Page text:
A supervised programme of aerobic exercise helps young people recover from a sport-related concussion, according to new research published in JAMA Pediatrics.
The findings challenge the conventional approach to concussion, which often consists of almost complete rest, eliminating most physical and mental activities.
An editorial in the journal called it a “landmark study”.
University of Buffalo researchers and colleagues saw 103 young athletes within 10 days of sustaining a sport-related concussion.
The participants, all aged between 13 and 18, were randomly assigned to do sub-symptom threshold aerobic exercise or placebo-like stretching exercises. Sub-symptom threshold exercise is physical activity that doesn’t exacerbate symptoms. In the study, it included walking on a treadmill, riding a stationary bike, or walking either indoors or outdoors.
Additionally, patients were given advice about getting schoolwork done and told to avoid excessive use of electronic devices, since that can aggravate symptoms.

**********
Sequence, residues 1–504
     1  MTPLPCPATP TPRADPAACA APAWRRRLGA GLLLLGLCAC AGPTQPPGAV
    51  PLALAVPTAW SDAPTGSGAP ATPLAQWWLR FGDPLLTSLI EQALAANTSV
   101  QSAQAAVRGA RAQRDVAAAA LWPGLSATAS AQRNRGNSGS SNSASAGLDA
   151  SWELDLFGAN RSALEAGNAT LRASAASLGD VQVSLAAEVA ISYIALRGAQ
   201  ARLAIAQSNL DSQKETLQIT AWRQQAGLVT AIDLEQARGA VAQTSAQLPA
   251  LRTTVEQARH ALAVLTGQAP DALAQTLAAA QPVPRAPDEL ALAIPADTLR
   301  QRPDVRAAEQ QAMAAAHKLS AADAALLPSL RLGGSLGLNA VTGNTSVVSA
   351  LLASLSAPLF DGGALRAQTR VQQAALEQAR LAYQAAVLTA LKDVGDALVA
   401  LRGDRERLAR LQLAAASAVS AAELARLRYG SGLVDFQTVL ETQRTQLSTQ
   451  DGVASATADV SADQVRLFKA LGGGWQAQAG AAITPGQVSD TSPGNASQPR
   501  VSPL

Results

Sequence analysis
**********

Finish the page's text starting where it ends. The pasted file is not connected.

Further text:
Both forms of exercise were performed for about 20 minutes per day, and participants reported their daily symptoms and compliance online.
Patients who followed the aerobic exercise programme took on average 13 days to recover, while those who performed stretching exercises took 17 days. The researchers also found that fewer patients in the exercise group took longer than four weeks to recover, compared with patients in the control group.
“This research provides the strongest evidence yet that a prescribed, individualised aerobic exercise programme that keeps the heart rate below the point where symptoms worsen is the best way to treat concussion in adolescents,” said first author of the study Dr John J. Leddy from the University at Buffalo.
As part of their work, the researchers plan to investigate if the treatment is also effective in adults with concussion.